I recently caught up with the talented filmmaker Dallas Jenkins, who has just wrapped up shooting the first several episodes of a show that I think readers will be interested in. Here was our conversation, followed by the pilot episode.
For those who haven’t heard yet, what is “The Chosen“?
“The Chosen” is the first ever multi-season drama about the life of Christ. There’s been movies and mini-series, but never a binge-watchable show where you can really invest in the characters. We also focus a lot on the characters Jesus encountered, giving them and their stories fresh life and backstory.
Can you tell us a bit of background about how this all came about?
It actually came out of failure.
My last feature film, The Resurrection of Gavin Stone, did poorly at the box office, and the Hollywood companies I’d partnered with backed out of future plans to do more.
I honestly didn’t know if I had a future in films.
So I focused on an idea I’d had about the birth of Christ from the perspective of the shepherds.
I made a short film for my church’s Christmas Eve service, and while I was doing it, it was clear this was where I should be. And I thought, What about a show? Why hasn’t that been done before?
Long story short, the short film was seen by a streaming service, they flipped out and loved the idea of the show, and the short film [below] went viral online.
It’s now got about 20 million views in 10 languages around the world.
What are some of the challenges in producing something that is simultaneously fresh (given how many other films have been done on it) and faithful (given the limited historical data to work with)?
The challenge is in the original decision to do this. Do we believe it’s okay to tell Bible stories and fill in all those gaps with historical data and artistic imagination? Some people don’t. We do (obviously).
I’m a Bible-believing evangelical. I have zero desire to mess with Scripture or make some sort of new theological point. This is about telling these stories in a way that makes the moments in Scripture even more impactful.
For example, when a good pastor preaches about a gospel story and gives you the historical context and expounds on the personalities of the people involved, it puts you there. And I’ve had so many emotional moments thinking, That person is me.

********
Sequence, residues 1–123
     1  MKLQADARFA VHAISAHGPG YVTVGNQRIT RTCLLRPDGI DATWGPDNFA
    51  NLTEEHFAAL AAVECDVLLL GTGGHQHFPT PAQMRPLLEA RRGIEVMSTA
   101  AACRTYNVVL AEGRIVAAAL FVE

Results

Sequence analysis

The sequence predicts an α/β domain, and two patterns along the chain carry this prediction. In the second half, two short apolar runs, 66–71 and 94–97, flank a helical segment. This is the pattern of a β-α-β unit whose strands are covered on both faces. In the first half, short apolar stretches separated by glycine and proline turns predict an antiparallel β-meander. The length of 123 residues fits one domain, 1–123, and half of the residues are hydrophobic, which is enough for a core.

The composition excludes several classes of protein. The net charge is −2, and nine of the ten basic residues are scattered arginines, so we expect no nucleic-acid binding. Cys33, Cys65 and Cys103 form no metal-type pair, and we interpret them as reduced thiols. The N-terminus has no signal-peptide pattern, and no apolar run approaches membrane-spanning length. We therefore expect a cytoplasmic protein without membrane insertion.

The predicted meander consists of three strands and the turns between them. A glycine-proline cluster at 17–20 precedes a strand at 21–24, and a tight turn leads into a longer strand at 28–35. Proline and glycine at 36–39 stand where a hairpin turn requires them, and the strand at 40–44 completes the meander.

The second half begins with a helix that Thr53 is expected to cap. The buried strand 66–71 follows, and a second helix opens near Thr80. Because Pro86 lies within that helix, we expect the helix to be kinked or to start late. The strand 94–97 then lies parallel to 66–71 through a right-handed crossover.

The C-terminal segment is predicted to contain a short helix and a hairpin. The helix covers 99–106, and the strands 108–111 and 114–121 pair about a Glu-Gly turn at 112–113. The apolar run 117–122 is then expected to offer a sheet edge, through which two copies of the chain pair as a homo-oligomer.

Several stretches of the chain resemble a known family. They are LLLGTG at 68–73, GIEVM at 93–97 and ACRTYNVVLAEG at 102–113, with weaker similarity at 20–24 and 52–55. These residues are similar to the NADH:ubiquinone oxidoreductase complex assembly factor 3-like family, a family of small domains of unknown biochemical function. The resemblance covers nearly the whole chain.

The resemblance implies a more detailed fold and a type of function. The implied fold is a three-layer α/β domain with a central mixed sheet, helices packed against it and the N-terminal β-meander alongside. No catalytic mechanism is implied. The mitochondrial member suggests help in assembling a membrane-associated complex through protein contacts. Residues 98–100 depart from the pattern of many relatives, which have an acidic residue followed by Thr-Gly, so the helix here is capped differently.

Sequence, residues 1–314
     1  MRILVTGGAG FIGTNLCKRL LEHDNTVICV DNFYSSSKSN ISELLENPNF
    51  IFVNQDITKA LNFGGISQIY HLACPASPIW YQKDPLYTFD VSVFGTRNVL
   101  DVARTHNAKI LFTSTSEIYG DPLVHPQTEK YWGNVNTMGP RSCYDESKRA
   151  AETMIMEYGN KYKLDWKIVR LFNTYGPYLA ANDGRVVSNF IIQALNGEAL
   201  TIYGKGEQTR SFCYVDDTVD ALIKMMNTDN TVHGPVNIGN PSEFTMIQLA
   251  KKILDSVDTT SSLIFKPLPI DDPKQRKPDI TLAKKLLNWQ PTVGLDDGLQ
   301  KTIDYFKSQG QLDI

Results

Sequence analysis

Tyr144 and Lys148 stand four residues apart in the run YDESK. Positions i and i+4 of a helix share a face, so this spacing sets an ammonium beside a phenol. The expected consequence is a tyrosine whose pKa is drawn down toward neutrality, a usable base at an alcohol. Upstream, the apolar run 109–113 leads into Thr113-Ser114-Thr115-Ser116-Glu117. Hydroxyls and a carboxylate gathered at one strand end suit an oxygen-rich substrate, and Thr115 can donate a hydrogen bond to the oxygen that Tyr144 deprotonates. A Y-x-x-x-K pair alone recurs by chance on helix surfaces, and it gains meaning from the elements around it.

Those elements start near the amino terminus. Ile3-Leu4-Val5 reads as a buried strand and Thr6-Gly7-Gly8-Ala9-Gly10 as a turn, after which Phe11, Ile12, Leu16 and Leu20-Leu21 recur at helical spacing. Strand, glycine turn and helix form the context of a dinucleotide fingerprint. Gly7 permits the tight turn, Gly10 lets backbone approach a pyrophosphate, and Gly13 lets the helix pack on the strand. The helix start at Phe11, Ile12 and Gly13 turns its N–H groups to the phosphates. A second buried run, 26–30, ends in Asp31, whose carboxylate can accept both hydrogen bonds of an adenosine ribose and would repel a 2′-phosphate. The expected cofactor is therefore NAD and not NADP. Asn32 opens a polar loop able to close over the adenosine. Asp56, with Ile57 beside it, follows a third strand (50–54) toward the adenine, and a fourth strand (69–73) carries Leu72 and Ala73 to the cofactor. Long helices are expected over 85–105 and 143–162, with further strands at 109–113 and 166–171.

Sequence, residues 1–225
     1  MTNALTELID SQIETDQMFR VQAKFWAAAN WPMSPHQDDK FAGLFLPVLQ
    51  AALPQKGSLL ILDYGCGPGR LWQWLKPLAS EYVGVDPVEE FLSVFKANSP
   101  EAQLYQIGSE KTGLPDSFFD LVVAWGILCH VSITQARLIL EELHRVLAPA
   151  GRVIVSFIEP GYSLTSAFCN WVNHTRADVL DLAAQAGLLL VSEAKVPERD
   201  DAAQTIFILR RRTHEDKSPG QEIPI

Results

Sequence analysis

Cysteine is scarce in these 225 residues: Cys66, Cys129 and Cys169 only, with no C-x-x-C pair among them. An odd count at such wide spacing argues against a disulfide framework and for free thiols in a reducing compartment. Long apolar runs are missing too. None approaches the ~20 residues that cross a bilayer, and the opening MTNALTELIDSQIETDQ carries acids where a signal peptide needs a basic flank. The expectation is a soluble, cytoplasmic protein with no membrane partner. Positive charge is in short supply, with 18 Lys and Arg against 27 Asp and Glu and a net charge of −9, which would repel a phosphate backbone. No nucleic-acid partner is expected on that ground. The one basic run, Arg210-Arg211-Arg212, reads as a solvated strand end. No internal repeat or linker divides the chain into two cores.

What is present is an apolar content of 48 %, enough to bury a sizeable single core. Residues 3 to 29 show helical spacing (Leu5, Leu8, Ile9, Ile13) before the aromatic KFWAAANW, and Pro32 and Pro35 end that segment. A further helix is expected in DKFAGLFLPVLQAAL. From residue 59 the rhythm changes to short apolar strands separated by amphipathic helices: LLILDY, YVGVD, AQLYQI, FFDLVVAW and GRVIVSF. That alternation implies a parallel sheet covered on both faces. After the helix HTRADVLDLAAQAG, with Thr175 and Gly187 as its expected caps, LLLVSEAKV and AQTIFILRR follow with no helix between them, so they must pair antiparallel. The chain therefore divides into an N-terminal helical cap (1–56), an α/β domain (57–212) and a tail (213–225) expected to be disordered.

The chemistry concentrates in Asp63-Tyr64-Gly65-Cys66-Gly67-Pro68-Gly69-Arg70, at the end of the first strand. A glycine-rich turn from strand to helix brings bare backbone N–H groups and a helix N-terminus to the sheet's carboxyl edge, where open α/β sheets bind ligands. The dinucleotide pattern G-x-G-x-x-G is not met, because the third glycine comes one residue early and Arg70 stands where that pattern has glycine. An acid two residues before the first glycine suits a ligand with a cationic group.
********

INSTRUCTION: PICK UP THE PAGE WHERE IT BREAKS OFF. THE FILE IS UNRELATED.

Joni Eareckson Tada, after seeing the Christmas special episode and sobbing, said, “Thank you for telling the old, old story in an impossible fresh way.” That’s my goal. And I believe we can do that by showing Jesus to the audience through the eyes of those he surrounded himself with.
The challenge comes in making sure we do it right. We’ve chosen a New Testament scholar and a Messianic Jewish rabbi as our primary consultants, both of them conservative theologians and historians.
You have partnered with VidAngel to produce this. Who are they, and why did you guys decide to link up?
VidAngel is a steaming service primarily known for filtering. Basically, you watch Netflix and Amazon shows through their service, and you can literally filter out whatever you find offensive. What’s cool is that it’s in your hands, you choose. So my younger kids can now watch Stranger Things on Netflix with us, because we filtered out the language and blasphemy.
They’re wanting this to be their big new piece of original content.
We’re with them for two primary reasons:
One, it was their idea to finance this through crowd-funding, an idea I laughed at at first. But their efforts have led to $6 million so far. We’re already the number-one highest crowd-funded media project in history.
Two, they believe in this project and want this show to impact the world; plus, they’re giving us complete control of the content. That wouldn’t happen anywhere else.
You guys have devised a unique crowdfunding platform for this project that actually is a form of investment. How’s it going so far? How can folks get involved?
Most crowd-funding efforts involve people donating and getting something like a t-shirt or name in credits. Which is fine. But VidAngel’s approach is partnership. This is investment. If the show succeeds, you succeed.
Of course, most of our investors are doing this for kingdom purposes, as we are. And if you want to just keep investing back into the show so we can expand our impact, that’s awesome. But that’s your choice. Either way, we’re all providing our loaves and fishes, and we’ll watch Jesus feed the five thousand.
So what’s next? And how can readers pray about the project if they feel so led?
We are currently working on the first four episodes. We still have a lot of fundraising to do. We need finances for writing the rest of season one, and of course for marketing so we can get this show around the world. But if people aren’t interested in partnering with us financially, we just ask two things.
One, watch and share the special Christmas episode [below]. We believe if people can see Jesus through the eyes of those who encountered him, they can be impacted in the same way.
And two, pray that we remain humbled and broken throughout this project so that we are letting God tell his story and not getting in the way. I don’t want my own bias or vision to impede what he’s doing. So far, so good.